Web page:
Editorial: Lest we forget the heroes of a war for justice
For the children who never were, But may have been And for the parents who were, But were made to feel too much —
Judge Billy Mothle has found that freedom fighter Ahmed Timol never committed suicide, as the officers from the old Security Branch of the police claimed.
“Timol died as a result of having being pushed to fall, an act which was committed by members of the Security Branch with dolus eventualis as the form of intent, and prima facie amounting to murder.”
Ahmed Timol was murdered.
He is one of many, many people who were killed as the apartheid state forced itself on to the majority of South Africans. Timol is one of many, many people whose loved ones have waited in vain for some kind of closure for their loss.
His surviving relatives now have their suspicions confirmed. Timol never took his own life. For them, at least, there is some solace.
But for many, closure will remain elusive. So this is a moment heavy with history.
It is a moment heavy, too, with feelings — many of them our own, as we try to distil the bearing of this ruling on all the other cases, all the other suspicious deaths in police custody.
But it is a moment particularly heavy with the feelings of those who lost someone in the fight against the apartheid regime. It is a moment that we cannot allow to run away from us.
There is an opportunity in this moment for us to take stock of how little has been recovered for those whose lives, land and dignity were stolen.
When Aunty Hawa Timol testified before the Truth and Reconciliation Commission in 1996, she was determined to know what exactly had happened to her son in that police station in 1971. She would die a year later, none the wiser.
Her words should be played back to us in this moment, a reminder of how much was lost in all these years.
“They killed him and said he committed suicide.” “I will not forget what happened.”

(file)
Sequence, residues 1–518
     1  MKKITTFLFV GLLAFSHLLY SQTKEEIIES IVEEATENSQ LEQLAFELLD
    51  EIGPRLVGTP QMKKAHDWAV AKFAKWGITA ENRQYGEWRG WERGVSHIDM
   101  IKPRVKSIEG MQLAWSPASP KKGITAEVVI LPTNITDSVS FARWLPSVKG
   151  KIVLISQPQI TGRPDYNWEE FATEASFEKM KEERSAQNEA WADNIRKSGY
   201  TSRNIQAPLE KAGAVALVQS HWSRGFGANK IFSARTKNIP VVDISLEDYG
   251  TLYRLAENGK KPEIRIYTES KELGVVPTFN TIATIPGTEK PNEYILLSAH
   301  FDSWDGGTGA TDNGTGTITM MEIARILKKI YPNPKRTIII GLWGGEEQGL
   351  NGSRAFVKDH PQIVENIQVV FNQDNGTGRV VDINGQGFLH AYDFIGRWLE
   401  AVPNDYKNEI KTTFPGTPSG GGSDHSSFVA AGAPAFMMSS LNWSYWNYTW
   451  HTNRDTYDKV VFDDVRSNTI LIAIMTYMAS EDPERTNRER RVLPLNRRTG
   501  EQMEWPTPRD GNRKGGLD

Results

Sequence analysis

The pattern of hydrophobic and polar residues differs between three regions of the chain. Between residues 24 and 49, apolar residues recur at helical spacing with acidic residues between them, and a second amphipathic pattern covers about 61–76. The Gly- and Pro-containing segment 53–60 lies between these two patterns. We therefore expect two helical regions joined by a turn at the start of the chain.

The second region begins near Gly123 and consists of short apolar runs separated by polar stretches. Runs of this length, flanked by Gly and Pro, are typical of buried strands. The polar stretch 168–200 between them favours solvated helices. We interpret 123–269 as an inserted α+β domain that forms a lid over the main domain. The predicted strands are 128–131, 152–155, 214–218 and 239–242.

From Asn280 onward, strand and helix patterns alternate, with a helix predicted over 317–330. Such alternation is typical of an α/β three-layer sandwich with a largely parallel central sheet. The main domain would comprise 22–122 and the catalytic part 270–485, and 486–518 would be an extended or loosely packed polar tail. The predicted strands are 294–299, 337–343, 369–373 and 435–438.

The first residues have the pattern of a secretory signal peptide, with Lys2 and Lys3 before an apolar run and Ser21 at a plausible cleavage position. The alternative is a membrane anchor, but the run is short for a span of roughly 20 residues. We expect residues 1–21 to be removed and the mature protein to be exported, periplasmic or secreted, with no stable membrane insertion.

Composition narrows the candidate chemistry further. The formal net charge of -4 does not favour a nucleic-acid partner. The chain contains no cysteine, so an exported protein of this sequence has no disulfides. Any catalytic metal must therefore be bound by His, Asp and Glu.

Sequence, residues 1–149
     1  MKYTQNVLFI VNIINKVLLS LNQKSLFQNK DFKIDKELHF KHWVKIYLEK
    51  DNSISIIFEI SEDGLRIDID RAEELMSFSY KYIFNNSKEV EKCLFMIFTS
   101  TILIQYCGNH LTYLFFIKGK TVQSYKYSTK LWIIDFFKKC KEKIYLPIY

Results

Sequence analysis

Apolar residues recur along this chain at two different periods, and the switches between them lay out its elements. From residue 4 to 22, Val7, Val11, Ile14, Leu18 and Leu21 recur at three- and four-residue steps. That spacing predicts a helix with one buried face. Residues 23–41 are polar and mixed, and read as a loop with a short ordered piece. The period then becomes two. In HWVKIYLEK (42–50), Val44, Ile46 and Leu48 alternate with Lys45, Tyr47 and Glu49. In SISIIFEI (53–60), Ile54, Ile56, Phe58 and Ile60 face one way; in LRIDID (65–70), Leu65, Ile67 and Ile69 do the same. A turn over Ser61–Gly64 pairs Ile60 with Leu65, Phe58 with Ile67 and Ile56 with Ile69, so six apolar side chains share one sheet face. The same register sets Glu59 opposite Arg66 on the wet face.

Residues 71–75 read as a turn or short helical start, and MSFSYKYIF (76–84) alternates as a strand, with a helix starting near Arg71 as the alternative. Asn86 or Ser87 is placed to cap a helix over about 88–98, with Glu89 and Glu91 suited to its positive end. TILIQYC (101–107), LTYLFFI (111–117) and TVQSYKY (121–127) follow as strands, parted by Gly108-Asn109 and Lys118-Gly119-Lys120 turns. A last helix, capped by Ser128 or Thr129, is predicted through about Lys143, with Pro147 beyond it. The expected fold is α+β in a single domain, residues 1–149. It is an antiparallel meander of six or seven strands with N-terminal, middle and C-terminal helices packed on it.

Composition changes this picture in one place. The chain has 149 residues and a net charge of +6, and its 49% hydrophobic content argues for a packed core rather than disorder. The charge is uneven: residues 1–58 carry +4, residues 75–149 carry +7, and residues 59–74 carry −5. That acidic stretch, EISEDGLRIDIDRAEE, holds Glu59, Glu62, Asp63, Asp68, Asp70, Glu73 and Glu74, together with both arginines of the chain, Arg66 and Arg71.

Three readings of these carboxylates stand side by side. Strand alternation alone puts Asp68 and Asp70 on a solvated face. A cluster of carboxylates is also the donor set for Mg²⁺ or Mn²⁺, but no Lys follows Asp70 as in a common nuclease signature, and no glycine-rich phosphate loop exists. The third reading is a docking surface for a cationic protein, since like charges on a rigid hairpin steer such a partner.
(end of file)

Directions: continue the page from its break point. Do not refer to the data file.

In a clip of her testimony online, she speaks in Gujarati, her grief choking her voice: “Ey nallo ooto.” It’s a sentence the translator omits in the SABC footage, not essential to the meaning of what she was conveying, but a haunting echo for those able to catch her meaning.
“Ey nallo ooto.” He was a child.
This woman’s child was stolen from her by a murderous regime. It is a regime that murdered and plundered. It is a tyranny from which we are yet to recover. It is a regime whose crimes were never really punished.
So, for the children who never were, But may have been And for the parents who were, But were made to feel too much — Long, long, long May we remember Who you were.
Rest in peace, Ahmed Timol. Rest in peace, Nokuthula Simelane.
Rest in peace Solwandle Ngudle, Bellington Mampe, James Tyita, Suliman Salojee, Ngeni Gaga, Pongolosha Hoye, James Hamakwayo, Hangula Shonyeka, Leong Pin, Ah Yan, Alpheus Madiba, Jundea Tubukwa, Nicodemus Kgoathe, Solomon Modipane, James Lenkoe, Caleb Mayekiso, Michael Shivute, Jacob Monakgotla, Abdullah Haroon (Imam), Mthayeni Cuthsela, Joseph Mdluli, William Tshwane, Mapetla Mohapi, Luke Mazwembe, Dumisani Mbatha, Fenuel Mogatusi, Jacob Mashabane, Edward Mzolo, Ernest Mamashila, Tbalo Mosala, Wellington Tshazibane, George Botha, Lawrence Ndzanga, Nanaotha Ntshuntsha, Elmon Malele, Matthews Mabelane, Twasifeni Joyi, Samuel Malinga, Aaron Khoza, Phakamile Mabija, Elijah Loza, Hoosen Haffejee, Bayempin Mzizi, Bantu Steve Biko, Sipho Malaza, Lungile Tabalaza, Saul Ndzumo, Manana Mgqweto, Tshifhiwa Muofhe, Neil Aggett, Ernest Dipale, Simon Mndawe, Paris Malatji, Samuel Tshikudo, Mxolisi Sipele, Ephraim Mthethwa, Andries Raditsela, Batandwa Ndondo, Makompe Kutumela, Peter Nchabaleng, Xoliso Jacobs, Simon Marule, Benedict Mashoke, Eric Mntonga, Nobandla Bani, Sithembele Zokwe, Alfred Makaleng, Clayton Sizwe Sithole, Lucas Tlhotlhomisang and Donald Thabela Madisha.
Rest in peace, the two “unknown persons” who died in detention in 1968 and 1976 — they were not unknown to their loved ones.